Marketing is not putting up pretense or smokescreen, or at least, it is not supposed to be.  There is no reason that you have to "put on a show" that is disingenuous from your company's reality.  "Marketing" is the process of creating, communicating and delivering value to customers.  Branding is the process of creating the communication around the value the organization can deliver to employees.  Recruiting communicates and helps deliver that message to candidates that HR and the Business delivers upon once a candidate becomes an employee. 

If you're not marketing, you're not doing it right. 


Comment by Matt Charney on October 21, 2013 at 10:08am

My two cents.

Comment by Keith D. Halperin on October 21, 2013 at 2:33pm

Thanks, Crystal and Matt: .

From Wikipedia, the free encyclopedia

Marketing- Marketing is the process of creating, communicating and delivering value to customers.


I do not do this- I quickly and affordably put quality butts in chairs. I do not care what someone thinks or feels about the company- I only care if they can do- and are open for- the job I have to offer them. If they can do the job but aren't able to do the job now, or aren't interested in the job, I ask them who they know who is interested and able to do the job. I have no desire to build a long-term relationship with someone can't serve my short-term recruiting needs. I (and many of my colleagues) live in an "I'll be gone, you'll be gone- let's do the deal world", re having recruited for over 200 different types of positions over the years. If an organization has the bandwidth, money, resources, and will to devote time to creating a strategic pipeline many months in or years in advance to smooth out hiring fluctuations and behave more strategically and less reactively, I actually think THIS IS A VERY GOOD AND SENSIBLE IDEA. However:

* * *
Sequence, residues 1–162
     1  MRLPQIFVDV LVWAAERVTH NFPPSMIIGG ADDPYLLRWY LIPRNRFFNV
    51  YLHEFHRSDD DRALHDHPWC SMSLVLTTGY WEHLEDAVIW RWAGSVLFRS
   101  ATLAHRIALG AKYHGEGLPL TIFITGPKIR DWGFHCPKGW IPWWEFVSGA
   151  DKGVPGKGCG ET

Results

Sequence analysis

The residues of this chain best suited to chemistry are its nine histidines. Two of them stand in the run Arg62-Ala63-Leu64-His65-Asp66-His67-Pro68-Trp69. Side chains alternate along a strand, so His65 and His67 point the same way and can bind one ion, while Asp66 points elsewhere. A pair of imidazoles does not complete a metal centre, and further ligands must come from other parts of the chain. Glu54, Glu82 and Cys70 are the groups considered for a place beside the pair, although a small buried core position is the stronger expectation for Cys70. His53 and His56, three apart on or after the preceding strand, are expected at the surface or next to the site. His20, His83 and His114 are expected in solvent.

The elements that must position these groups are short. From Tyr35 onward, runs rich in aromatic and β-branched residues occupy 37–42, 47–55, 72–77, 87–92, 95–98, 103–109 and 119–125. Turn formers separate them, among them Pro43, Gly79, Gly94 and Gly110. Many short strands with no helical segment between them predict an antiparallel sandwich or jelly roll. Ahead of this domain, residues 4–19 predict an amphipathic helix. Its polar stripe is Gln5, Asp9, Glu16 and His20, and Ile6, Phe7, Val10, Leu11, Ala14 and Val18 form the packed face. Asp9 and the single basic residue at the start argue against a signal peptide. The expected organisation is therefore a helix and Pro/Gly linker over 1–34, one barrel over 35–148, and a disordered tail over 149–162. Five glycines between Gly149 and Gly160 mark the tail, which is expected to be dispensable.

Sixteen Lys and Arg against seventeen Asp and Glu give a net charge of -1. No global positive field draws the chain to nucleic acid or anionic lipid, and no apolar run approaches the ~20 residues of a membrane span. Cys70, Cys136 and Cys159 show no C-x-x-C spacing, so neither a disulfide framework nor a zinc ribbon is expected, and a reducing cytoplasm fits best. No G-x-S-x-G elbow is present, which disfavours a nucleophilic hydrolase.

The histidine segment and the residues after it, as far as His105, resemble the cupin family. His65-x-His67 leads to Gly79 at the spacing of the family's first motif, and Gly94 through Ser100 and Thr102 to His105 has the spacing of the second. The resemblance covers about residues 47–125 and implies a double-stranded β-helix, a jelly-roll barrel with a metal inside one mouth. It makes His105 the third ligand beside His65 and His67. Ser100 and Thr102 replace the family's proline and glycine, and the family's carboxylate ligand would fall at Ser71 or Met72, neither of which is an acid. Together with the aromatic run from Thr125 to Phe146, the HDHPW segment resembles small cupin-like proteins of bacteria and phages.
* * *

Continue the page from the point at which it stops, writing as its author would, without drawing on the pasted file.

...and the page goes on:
1) Most companies don't have the bandwidth, money, other resources, or will to do this, and  

2) Don't expect the same people who have to fill jobs NOW also be responsible for creating, filling, and maintaining a long-term pipeline. I would LOVE to have a recruiting job where I'm paid to reach out to form relationships with people who may or may not be interested in a job with us for 3, 6, 12, or more months, but it hasn't happened yet. 


Fundamentally, I believe what you've described is good in an ideal recruiting world of unlimited resources, buy-ins, and timeframes, but I (and the great majority of my fellow recruiters) don't work in a world like that.